CHARGE 'EM FOR GRAVITY: Ward 3 Tucson City Councilman Michael Crawford was on the John C. Scott radio gabfest last Friday saying the city is trying to live up to the voters' wishes when it comes to providing decent drinking water, given our CAP mess. Yeah, right. But we actually laughed out loud when Crawford, who has apparently taken on the role of the Growth Lobby's errand boy, said it would be really, really expensive to implement an effective CAP recharge program.
You know, Michael, people just aren't that stupid here. Recharge is far cheaper than the incredibly complex and expensive scheme Tucson Water bureaucrats have proposed. They want to build a giant, $300-$500 million experimental membrane filtration plant to replace the $250 million CAP treatment plant that failed and now sits idle out there in the desert.
And it did fail, Michael, despite your efforts to gloss over that point on the Scott show--it failed to deliver decent water to our homes. Tucson Water's longtime bureaucrats and the developers they serve are trying to downplay that whole sorry episode in our community's history, but it's hard to bury such a gargantuan boondoggle.
We hear rumors that Bob Miranda, who used to be on the school board, has moved into to Ward 3 and may be interested in a run at the city council. None too soon, we say.
STOOGE PATROL: What's with Michael Crawford, anyway? The unelected member of the Tucson City Council (he was appointed by the other council members when pathetic loser Tom Saggau flaked out) has done nothing but spout the Growth Lobby line since he was appointed to his high office. Perhaps it has something to do with his tight connections to half-billionaire Don Diamond's political machine. The son of longtime Diamond pilot fish Stanley Abrams is Crawford's aide. And golly, it almost seems as if Crawford is taking public relations advice from Abrams' wife, Judy. Like some kind of trained parrot, Crawford's been appearing regularly on local radio, complaining about Proposition 200, Ed Moore and, yes, the Tucson Weekly.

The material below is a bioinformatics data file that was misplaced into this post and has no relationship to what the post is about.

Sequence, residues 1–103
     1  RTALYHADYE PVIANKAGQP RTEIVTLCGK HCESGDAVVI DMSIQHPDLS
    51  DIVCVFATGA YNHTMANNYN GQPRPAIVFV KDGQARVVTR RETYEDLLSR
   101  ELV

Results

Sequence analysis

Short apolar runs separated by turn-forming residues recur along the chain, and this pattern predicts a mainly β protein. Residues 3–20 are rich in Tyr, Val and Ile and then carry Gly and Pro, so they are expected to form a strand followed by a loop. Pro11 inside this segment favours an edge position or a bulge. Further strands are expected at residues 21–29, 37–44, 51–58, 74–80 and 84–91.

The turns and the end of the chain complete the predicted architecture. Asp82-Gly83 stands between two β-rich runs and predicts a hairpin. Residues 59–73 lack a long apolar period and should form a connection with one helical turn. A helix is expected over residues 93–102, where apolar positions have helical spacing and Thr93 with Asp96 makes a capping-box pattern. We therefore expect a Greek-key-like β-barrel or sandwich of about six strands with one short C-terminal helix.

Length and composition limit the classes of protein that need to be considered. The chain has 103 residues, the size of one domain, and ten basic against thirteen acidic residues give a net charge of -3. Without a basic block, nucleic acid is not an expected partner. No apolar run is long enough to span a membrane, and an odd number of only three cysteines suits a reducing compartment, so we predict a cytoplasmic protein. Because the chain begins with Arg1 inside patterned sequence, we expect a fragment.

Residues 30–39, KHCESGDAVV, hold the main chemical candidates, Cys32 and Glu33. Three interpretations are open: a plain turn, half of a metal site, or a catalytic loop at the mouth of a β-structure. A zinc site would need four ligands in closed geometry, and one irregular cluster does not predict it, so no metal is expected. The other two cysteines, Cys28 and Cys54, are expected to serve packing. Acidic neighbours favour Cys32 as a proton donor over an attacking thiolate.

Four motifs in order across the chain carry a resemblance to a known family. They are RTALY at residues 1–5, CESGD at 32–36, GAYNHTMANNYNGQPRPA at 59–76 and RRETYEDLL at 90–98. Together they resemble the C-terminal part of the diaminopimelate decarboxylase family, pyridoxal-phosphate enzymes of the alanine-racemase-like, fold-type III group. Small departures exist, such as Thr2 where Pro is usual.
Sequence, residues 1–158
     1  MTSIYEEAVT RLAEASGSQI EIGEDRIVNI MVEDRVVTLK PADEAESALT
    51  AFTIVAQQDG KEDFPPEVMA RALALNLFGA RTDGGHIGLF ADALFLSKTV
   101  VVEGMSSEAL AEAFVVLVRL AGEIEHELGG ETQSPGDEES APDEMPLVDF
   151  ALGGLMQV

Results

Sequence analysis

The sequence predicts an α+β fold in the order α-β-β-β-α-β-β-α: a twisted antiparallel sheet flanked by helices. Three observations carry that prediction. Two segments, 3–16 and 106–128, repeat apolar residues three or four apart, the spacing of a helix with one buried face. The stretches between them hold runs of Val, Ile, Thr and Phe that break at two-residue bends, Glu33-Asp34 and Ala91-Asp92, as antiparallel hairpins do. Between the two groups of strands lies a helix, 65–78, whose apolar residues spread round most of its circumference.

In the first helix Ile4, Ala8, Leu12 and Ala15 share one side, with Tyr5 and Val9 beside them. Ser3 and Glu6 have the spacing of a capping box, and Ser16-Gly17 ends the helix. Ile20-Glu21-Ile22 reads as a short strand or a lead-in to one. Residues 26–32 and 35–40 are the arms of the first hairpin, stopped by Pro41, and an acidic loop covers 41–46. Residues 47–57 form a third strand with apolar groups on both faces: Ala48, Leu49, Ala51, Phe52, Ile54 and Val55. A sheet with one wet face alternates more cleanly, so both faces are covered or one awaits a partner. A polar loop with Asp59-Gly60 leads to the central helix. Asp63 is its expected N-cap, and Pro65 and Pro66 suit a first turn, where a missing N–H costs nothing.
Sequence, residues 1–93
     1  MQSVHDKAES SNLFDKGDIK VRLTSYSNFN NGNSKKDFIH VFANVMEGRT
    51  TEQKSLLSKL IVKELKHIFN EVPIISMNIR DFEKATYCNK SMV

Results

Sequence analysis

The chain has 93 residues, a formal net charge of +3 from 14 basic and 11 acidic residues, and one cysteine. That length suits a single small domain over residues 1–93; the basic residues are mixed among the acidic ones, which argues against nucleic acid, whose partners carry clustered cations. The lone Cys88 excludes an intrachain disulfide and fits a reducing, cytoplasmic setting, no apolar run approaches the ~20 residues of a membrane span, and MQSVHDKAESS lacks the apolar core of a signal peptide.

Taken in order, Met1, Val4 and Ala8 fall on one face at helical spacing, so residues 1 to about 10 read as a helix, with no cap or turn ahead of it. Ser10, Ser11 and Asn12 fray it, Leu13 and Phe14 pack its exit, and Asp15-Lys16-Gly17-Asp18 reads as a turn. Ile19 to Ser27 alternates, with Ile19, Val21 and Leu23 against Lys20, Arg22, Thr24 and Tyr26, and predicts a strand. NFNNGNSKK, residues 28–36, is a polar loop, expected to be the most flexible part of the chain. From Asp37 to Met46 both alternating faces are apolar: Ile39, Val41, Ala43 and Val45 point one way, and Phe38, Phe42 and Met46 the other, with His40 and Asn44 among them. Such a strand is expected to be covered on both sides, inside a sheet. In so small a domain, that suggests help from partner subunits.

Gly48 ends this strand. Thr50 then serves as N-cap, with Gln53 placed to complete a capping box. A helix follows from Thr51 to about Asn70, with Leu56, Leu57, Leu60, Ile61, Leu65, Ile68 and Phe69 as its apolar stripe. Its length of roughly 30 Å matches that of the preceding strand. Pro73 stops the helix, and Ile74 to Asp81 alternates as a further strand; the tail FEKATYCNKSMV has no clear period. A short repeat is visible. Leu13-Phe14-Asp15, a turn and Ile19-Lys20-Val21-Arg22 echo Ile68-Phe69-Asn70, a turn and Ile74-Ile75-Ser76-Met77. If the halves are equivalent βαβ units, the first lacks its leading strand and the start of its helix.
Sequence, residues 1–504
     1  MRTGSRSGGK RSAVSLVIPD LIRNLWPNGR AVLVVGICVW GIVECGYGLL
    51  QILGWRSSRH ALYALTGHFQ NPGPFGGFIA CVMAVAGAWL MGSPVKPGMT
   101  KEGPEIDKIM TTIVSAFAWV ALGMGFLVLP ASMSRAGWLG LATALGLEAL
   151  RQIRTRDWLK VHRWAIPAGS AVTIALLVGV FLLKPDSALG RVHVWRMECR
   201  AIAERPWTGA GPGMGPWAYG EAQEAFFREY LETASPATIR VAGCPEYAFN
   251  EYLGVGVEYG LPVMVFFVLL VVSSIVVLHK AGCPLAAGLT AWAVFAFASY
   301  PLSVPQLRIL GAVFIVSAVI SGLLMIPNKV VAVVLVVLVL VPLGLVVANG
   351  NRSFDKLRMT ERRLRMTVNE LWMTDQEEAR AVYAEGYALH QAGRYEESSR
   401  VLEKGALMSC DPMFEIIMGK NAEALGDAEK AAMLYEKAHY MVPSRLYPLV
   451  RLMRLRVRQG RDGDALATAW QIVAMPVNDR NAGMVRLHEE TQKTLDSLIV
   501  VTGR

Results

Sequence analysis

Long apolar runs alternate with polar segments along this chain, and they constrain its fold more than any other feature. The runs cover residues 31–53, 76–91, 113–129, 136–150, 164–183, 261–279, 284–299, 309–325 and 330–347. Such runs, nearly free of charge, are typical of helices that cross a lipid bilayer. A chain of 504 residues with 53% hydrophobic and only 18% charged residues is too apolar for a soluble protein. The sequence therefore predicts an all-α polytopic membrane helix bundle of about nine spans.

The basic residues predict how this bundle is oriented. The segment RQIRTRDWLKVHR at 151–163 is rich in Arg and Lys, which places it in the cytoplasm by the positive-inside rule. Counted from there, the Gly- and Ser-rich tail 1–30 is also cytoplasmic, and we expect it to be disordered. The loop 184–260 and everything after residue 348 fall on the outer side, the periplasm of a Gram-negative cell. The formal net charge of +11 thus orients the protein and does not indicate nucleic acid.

What's up, Mike? Did the Don order Judy to tell you to yap it up at every public opportunity? We wonder if there'll be a bunch of fat contributions from the other Diamond stooges in your bag when you finally have to face the voters next year.